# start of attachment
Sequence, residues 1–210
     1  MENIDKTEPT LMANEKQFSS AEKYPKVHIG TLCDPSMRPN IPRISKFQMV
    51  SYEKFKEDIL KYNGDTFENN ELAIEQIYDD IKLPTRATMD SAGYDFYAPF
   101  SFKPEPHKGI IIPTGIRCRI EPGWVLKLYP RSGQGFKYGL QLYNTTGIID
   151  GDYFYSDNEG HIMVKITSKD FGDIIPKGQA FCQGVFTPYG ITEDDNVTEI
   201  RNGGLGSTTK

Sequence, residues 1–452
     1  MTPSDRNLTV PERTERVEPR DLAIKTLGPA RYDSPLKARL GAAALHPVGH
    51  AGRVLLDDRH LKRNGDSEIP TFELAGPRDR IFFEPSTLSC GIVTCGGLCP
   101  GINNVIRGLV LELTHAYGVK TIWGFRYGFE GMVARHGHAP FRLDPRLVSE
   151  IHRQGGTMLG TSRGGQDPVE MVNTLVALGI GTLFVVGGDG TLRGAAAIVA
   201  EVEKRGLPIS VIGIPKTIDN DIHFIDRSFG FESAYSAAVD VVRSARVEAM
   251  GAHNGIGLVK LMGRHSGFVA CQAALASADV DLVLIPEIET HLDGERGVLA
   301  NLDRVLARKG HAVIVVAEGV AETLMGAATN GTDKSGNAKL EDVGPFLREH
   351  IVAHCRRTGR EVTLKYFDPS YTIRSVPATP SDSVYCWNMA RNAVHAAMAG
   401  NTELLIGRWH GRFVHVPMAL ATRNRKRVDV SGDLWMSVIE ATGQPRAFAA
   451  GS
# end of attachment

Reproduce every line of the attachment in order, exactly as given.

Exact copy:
Sequence, residues 1–210
     1  MENIDKTEPT LMANEKQFSS AEKYPKVHIG TLCDPSMRPN IPRISKFQMV
    51  SYEKFKEDIL KYNGDTFENN ELAIEQIYDD IKLPTRATMD SAGYDFYAPF
   101  SFKPEPHKGI IIPTGIRCRI EPGWVLKLYP RSGQGFKYGL QLYNTTGIID
   151  GDYFYSDNEG HIMVKITSKD FGDIIPKGQA FCQGVFTPYG ITEDDNVTEI
   201  RNGGLGSTTK

Sequence, residues 1–452
     1  MTPSDRNLTV PERTERVEPR DLAIKTLGPA RYDSPLKARL GAAALHPVGH
    51  AGRVLLDDRH LKRNGDSEIP TFELAGPRDR IFFEPSTLSC GIVTCGGLCP
   101  GINNVIRGLV LELTHAYGVK TIWGFRYGFE GMVARHGHAP FRLDPRLVSE
   151  IHRQGGTMLG TSRGGQDPVE MVNTLVALGI GTLFVVGGDG TLRGAAAIVA
   201  EVEKRGLPIS VIGIPKTIDN DIHFIDRSFG FESAYSAAVD VVRSARVEAM
   251  GAHNGIGLVK LMGRHSGFVA CQAALASADV DLVLIPEIET HLDGERGVLA
   301  NLDRVLARKG HAVIVVAEGV AETLMGAATN GTDKSGNAKL EDVGPFLREH
   351  IVAHCRRTGR EVTLKYFDPS YTIRSVPATP SDSVYCWNMA RNAVHAAMAG
   401  NTELLIGRWH GRFVHVPMAL ATRNRKRVDV SGDLWMSVIE ATGQPRAFAA
   451  GS